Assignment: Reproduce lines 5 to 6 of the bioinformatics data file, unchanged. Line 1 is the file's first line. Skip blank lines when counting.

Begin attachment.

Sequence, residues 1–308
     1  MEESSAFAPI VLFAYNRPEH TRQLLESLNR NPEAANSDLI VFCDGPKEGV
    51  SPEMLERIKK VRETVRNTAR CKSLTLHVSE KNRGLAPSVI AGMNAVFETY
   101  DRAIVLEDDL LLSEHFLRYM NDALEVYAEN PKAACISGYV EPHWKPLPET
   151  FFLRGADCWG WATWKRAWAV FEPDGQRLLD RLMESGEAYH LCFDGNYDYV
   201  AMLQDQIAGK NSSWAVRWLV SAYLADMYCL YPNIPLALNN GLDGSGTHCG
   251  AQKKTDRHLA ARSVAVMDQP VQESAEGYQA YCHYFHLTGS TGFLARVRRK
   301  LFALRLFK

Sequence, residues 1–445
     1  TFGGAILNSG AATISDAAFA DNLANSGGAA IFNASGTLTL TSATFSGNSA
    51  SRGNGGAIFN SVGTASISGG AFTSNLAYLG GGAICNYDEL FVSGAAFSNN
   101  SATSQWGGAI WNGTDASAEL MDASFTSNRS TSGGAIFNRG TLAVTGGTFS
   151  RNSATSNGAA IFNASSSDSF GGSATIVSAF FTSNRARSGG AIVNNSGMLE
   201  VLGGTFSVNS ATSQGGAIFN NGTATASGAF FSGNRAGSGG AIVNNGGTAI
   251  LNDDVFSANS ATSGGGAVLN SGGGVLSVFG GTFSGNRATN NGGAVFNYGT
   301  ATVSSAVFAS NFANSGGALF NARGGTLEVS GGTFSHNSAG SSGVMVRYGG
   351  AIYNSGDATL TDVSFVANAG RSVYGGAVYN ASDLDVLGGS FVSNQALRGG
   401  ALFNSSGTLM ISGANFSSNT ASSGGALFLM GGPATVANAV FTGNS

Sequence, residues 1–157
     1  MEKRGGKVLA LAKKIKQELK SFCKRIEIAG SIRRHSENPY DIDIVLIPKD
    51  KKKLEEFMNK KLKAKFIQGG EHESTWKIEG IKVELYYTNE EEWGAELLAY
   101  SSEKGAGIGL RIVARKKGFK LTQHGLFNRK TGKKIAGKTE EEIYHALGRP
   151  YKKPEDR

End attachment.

   151  FFLRGADCWG WATWKRAWAV FEPDGQRLLD RLMESGEAYH LCFDGNYDYV
   201  AMLQDQIAGK NSSWAVRWLV SAYLADMYCL YPNIPLALNN GLDGSGTHCG